Today I stopped at the Howling Wolf, which is good place for Mexican food, which is a miracle, because I am from Escondido, CA and I now live in Salem, MA. Decent Mexican food in New England was a miracle when I first moved here in 1999. The area has since upped its culinary game and there is more than roast beef sandwiches, fried fish, and lobbies to be found on the North Shore of Boston.
I was sitting with my fish tacos and a toasted lager, and Angelina came by. I hadn’t realized Angelina was in, and so she snuck up on me, but then I think Angelina will sneak up on just about anybody, even in plain sight, and even when you know she’s coming. But, that’s because Angelina is an adventure waiting to happen. That is exactly what I told her today. I asked how she was doing. She said, “Well, you know – having a good time, and….” There were no specifics, but I know that for Angelina things are only the same when they are filled with adventure, and something crazy going on. So, I remarked, “You are an adventure waiting to happen.” It is so true of Angelina, and I suppose that in some manner it is true for myself as well. I read Tolkien far too many times when I was young. I want the trees to talk, and I don’t mind interruptions to my elevenses (even though I want my elevenses too). I want crazy old men dancing in the ancient woods singing to the streams, and wizards in tall hats making smoke rings. I want mystical places with people conversing about life and death (Jide Alade), and I want to blow things up, or burn them down to the ground.
Even Dr. Kahn remarked this afternoon that being weird was better than being normal, and he was talking about me. That felt like high praise from the Mr. Cool of doctors. There is a downside to being an adventurous individual though. Adventures cannot be adventures without some persistence, and a little danger. You have to nearly tumble down the waterfall to your death – and laugh(Dafydd Morse), make friends with people who will ruin your reputation, or wait long hours for the exact moment of a happening no one else will stay around for. You won’t find the moonbow in the early evening. You won’t feel the magic anointing of the bard rest upon you without spending all night on the mountain. You won’t have the opportunity to cheer as your hard work burns to the ground, unless you take the risk to build a funeral pyre to your idols. (Yes, perhaps there’s more than a hint there for our next project)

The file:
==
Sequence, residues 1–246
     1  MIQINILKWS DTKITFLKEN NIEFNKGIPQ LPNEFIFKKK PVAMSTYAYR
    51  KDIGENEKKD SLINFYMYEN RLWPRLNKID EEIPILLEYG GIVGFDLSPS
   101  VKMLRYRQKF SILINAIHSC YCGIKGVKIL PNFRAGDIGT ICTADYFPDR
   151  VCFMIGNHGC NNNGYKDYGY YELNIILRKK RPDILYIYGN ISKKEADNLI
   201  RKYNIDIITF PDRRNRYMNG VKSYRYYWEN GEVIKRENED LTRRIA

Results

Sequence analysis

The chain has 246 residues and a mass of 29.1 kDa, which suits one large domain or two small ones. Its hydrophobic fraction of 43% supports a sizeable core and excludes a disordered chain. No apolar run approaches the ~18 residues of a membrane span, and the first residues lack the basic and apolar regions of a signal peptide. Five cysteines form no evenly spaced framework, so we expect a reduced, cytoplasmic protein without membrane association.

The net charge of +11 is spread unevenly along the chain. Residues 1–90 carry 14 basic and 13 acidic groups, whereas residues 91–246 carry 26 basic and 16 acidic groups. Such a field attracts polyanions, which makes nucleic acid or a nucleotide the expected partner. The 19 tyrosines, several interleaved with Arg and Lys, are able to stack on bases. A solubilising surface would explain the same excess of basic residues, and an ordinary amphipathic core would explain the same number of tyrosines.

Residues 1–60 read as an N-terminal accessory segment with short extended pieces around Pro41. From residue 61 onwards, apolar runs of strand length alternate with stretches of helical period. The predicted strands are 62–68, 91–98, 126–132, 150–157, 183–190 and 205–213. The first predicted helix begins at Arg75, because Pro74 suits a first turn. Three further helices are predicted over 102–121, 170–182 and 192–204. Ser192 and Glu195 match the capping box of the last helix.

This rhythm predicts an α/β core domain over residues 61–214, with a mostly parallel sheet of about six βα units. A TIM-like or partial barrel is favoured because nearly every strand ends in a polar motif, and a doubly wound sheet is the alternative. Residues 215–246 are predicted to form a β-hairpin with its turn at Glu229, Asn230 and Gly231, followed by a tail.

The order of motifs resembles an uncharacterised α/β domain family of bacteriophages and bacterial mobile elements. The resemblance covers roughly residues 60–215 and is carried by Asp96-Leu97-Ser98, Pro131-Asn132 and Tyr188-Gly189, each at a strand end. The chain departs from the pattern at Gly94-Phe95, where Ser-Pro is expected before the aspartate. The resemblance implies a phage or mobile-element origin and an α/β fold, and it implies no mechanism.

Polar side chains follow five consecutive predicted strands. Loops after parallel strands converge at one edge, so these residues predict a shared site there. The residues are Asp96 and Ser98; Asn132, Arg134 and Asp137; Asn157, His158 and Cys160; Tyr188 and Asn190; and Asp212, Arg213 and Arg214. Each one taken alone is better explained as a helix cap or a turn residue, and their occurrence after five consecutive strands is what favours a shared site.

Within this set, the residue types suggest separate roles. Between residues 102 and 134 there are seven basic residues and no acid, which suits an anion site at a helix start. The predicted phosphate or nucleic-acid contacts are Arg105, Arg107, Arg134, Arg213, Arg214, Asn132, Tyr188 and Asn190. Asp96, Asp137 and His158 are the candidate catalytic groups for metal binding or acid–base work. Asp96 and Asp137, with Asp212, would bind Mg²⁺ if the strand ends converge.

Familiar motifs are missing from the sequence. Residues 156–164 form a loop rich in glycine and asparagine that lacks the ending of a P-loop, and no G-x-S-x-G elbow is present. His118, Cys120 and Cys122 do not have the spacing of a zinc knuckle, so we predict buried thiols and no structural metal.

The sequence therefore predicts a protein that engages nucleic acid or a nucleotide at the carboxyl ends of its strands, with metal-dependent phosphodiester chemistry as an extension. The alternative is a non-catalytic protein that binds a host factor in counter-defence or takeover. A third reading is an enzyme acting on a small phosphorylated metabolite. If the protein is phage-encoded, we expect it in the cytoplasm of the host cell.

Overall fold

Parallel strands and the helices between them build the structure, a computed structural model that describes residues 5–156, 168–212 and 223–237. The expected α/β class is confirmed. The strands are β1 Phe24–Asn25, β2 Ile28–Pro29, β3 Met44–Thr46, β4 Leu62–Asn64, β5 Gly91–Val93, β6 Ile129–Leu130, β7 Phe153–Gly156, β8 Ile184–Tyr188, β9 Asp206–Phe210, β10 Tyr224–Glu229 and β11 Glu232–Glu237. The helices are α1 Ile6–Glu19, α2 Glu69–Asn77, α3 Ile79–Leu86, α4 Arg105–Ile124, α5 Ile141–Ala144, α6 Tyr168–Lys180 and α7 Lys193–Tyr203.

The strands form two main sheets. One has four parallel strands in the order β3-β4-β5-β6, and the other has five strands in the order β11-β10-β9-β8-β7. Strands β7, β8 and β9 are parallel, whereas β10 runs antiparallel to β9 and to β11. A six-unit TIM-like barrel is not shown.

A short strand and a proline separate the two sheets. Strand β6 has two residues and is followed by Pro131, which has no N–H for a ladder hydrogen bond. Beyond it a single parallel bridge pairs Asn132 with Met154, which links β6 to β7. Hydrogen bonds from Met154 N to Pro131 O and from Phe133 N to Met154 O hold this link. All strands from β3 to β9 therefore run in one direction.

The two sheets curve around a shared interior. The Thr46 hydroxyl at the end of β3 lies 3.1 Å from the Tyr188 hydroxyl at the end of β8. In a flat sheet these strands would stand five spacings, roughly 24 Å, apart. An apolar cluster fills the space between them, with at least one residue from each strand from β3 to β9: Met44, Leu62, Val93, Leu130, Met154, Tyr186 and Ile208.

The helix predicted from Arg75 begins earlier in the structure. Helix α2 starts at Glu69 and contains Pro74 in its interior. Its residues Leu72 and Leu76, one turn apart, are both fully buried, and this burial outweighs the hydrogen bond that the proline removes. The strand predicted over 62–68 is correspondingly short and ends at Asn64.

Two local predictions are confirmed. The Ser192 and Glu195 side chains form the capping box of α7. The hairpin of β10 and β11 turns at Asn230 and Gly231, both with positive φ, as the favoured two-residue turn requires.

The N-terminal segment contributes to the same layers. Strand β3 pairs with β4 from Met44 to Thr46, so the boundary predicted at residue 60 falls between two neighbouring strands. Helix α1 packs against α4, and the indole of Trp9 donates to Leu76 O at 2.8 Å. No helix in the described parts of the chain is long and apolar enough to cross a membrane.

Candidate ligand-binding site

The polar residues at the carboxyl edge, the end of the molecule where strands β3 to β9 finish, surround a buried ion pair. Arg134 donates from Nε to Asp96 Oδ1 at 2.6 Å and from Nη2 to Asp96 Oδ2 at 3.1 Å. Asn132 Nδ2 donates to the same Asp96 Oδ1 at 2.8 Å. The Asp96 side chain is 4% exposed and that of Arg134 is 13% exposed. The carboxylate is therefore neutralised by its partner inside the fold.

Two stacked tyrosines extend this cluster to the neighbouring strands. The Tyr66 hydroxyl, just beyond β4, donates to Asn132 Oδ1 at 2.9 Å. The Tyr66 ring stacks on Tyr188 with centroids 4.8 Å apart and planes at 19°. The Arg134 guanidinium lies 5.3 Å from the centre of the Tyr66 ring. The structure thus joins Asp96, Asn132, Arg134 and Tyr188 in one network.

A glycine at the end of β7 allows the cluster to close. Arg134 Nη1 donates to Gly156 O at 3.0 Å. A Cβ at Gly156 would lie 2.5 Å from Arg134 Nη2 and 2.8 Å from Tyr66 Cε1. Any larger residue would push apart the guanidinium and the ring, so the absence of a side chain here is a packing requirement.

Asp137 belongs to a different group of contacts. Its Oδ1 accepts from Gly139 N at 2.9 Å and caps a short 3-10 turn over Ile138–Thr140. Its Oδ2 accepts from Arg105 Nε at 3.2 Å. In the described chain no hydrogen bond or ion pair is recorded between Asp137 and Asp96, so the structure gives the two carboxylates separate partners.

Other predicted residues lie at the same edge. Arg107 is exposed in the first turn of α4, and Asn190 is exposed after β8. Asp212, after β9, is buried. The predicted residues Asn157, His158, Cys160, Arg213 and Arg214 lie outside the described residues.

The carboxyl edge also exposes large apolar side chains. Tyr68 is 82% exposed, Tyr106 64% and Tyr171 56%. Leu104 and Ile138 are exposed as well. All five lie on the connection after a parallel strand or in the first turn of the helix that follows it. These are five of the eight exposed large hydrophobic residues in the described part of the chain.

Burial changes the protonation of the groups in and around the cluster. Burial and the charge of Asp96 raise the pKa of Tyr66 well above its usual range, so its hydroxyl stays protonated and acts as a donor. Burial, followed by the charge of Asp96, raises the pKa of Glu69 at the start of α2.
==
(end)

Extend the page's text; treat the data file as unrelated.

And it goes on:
The first time I answered the question, “Why do you do what you do?” as part Tony Deifell’s photography project, I was at Burning Man and I answered, “Because people are the adventure of life.” I brought the project to Salem a few years later, and I answered it differently this time, “Because I am afraid of becoming insignificant.” Adventure and people are inherent to significance. In some sense, I realize that I am addicted to adventure, but so are my favorite people, and so, it seems, were the heroes of my faith. Jesus, and Paul, and Saint Patrick, and perhaps the reformer whose birthday I share, all carried a little bit of the adventurer in them.
When I was twelve or thirteen years old, and I was reading the Lord of the Rings, or perhaps Evangeline Walton’s retelling of the Mabinogion, I thought to myself, “Life isn’t worth living unless you have something worth dying for.” The obscene hermeneutic of today’s self-obsessed world, assumes that people who have something worth dying for are the people who would kill for their beliefs, but I reject that false binary. Perhaps a paradox rules us instead, it is the people who do not have anything more important than their own lives, who are more likely to risk your life for the sake of their own survival. The adventurer on the other hand, seems to intrinsically know that there is something better, deeper, more valuable than this fleeting moment, and he/she will risk this moment for the betterment of others. In that sense, I am addicted to adventure, and adventurers are my favorite people.
Rock on Angelina.